North Branford Patch: Where did you go to high school?
Todd Stoeffler: I went to a school not much smaller than North Branford called Shepaug Valley High School, it’s a regional school in the northwestern corner of Connecticut.
North Branford Patch: What were you like as a high school student?
Stoeffler: I had connections across a lot of different peer groups. I was involved with sports, but I wasn’t a phenomenal athlete. But I had very good friends who were all-state athletes. I also had friends who were interested in being mechanics. I’m really glad that I was able to connect with different types of people at a younger age because that’s allowed me to have the skills to connect with more adults in my career.
North Branford Patch: When you were a student, did any teachers have a big influence on you?
Stoeffler: One person who had a big impact on me was my high school basketball coach. He taught us a lot of things beyond sports, like how to deal with people, how to treat people, how to be organized and how to communicate. All of those nuances, you can’t just read a book to acquire those skills. I’m still in contact with him to this day.
North Branford Patch: What made you decide to go into education?
Stoeffler: One thing I did in high school that I think had an impact was I worked for the recreation department, I worked for some summer camps and on Saturday mornings, I worked for the recreation department doing basketball leagues for younger students. I think that had an impact on me wanting to have some sort of career working with younger people. I’m the kind of person who takes opportunities as they come along. I didn’t have a concrete plan. I knew that I didn’t want to have the same type of job for 35 years, but I knew that I wanted to be involved with schools in some capacity.
North Branford Patch: What was your first job in education?
Stoeffler: I taught at an independent school in Fairfield for three years. Then I taught health ed at North Haven High School for 10 years.
North Branford Patch: What was the transition from teacher to administrator like?
Stoeffler: What was positive about it was that I found that the students in and North Haven were similar so I was familiar with the students and with getting to know them. What was a challenge was that I needed to learn a whole new environment. Sometimes learning a whole new environment, including the people and the inner workings of the school district, is just as hard as learning a new job. So this latest transition, going from assistant principal to principal, I felt very confident about because I know the system at this point and I had a taste for different parts of the job. Of course it’s a bigger responsibility and more things to do, but the transition was a little easier because of my experience and knowing the setting.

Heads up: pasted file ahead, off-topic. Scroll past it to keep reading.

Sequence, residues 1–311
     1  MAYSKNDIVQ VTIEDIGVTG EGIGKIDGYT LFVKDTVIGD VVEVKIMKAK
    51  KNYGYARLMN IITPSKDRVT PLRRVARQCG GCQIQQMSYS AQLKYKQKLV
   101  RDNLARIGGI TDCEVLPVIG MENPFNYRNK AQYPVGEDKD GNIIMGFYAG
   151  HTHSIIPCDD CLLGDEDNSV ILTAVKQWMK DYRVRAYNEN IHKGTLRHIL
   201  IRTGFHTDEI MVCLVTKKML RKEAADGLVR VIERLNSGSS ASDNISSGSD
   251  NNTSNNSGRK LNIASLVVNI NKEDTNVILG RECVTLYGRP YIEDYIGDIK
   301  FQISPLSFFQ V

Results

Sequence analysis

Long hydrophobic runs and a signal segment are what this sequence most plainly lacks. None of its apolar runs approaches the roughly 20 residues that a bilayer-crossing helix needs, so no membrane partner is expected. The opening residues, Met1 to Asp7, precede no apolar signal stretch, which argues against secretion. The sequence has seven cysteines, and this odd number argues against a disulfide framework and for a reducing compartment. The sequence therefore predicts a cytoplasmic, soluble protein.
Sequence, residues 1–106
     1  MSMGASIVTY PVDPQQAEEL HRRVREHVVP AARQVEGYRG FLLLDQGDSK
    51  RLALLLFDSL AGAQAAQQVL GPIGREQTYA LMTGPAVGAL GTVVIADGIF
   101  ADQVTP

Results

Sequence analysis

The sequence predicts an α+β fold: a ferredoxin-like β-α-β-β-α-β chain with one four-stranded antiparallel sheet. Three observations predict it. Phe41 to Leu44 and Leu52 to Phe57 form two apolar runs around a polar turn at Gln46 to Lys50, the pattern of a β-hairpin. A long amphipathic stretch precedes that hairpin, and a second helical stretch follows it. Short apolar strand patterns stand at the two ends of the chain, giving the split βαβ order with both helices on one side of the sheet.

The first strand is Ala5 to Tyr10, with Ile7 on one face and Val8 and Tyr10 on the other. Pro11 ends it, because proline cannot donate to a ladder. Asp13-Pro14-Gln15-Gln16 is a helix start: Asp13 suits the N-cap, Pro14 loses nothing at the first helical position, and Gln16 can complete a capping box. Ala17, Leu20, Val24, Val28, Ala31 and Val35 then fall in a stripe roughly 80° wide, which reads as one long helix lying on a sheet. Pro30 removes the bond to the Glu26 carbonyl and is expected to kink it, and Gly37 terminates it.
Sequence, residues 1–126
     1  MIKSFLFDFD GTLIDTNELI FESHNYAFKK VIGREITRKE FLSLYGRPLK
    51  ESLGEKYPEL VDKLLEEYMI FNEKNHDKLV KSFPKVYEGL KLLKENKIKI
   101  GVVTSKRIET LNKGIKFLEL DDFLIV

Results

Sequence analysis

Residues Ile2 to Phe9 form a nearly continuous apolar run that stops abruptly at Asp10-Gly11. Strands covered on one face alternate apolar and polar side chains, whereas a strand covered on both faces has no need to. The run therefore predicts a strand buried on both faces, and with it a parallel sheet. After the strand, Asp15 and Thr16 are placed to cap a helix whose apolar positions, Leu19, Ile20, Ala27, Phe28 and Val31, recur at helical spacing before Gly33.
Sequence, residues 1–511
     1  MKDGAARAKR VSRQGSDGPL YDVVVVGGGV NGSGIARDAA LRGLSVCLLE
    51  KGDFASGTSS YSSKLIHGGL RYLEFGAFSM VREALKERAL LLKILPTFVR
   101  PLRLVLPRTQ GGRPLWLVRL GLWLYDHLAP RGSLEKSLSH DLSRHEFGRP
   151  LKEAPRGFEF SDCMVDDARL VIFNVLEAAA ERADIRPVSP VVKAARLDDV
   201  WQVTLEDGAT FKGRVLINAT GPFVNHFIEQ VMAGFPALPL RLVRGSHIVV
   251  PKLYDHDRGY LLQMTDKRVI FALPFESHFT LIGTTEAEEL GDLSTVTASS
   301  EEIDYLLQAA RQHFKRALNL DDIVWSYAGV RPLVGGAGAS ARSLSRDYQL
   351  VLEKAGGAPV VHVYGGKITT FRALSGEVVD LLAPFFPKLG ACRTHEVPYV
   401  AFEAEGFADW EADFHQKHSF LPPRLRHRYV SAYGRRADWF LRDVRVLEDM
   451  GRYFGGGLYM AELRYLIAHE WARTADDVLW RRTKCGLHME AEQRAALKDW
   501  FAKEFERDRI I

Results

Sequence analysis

North Branford Patch: What is your philosophy when it comes to education?
Stoeffler: I think at a high school level, we are preparing students for the next level. Our primary task is to get them ready for their post-secondary plans. Another important job that we have is getting them ready for the next stage of life beyond the classroom. That means being positive people and having integrity, having organization skills and communication skills to be a productive member of society. If school was just about the content, then we could just hand students a book they could take a test, but it’s much more than that.
North Branford Patch: Could you describe a typical day in the life of a principal?
Stoeffler: Being an administrator is a little like being a coach in that every day is different. There are times when my day is primarily meetings with faculty, staff, students or parents. There are times during the year when my day is just planning the budget. There are parts of the day when I’m in the classrooms doing teacher observations. That’s something that I really enjoy doing because that keeps me connected to the staff and to the students. There are days when I work on special projects like the courtyard or the greenhouse.
North Branford Patch: What is the most challenging part of your job?
Stoeffler: For now, one of the more challenging parts is the seniors who are on the fence with graduation. You don’t want parents to be blindsided. Powerschool, the online grading system, allows parents to better monitor their students and students monitor themselves more closely. It’s been a great tool. But for the seniors who are on the fence of making it or not making it, we typically have meetings with parents to make that one last push to help students make it. At this point in the school year, that’s the hardest part. You want everyone to be successful, but you also have to maintain the integrity of the curriculum and the school. When a student does not make it, we do assist them in whatever plans they need to make in making up the credit in the summer.
North Branford Patch: What is the most satisfying part of your job?
Stoeffler: The growth I’ve been able to see in the seniors, having gotten to know some of them as freshmen as the assistant principal. The growth that I’ve seen in them over the past four years and the maturity and how they respond as young adults in the building to situations better than they used to. I’ve had a few of them approach me with different insights and compliments that were flattering. As you know, teenagers don’t offer up much unless they really believe what they’re saying, so that means a lot and that’s what I’m going to remember.